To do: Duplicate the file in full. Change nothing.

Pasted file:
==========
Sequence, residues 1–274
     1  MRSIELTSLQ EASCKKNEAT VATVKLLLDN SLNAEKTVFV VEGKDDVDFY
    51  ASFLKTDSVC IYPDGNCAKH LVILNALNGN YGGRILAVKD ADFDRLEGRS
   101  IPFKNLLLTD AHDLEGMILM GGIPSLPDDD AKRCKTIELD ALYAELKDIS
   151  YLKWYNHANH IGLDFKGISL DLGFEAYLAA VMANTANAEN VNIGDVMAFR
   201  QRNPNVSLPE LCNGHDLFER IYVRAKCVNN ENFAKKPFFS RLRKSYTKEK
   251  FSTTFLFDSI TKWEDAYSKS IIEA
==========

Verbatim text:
Sequence, residues 1–274
     1  MRSIELTSLQ EASCKKNEAT VATVKLLLDN SLNAEKTVFV VEGKDDVDFY
    51  ASFLKTDSVC IYPDGNCAKH LVILNALNGN YGGRILAVKD ADFDRLEGRS
   101  IPFKNLLLTD AHDLEGMILM GGIPSLPDDD AKRCKTIELD ALYAELKDIS
   151  YLKWYNHANH IGLDFKGISL DLGFEAYLAA VMANTANAEN VNIGDVMAFR
   201  QRNPNVSLPE LCNGHDLFER IYVRAKCVNN ENFAKKPFFS RLRKSYTKEK
   251  FSTTFLFDSI TKWEDAYSKS IIEA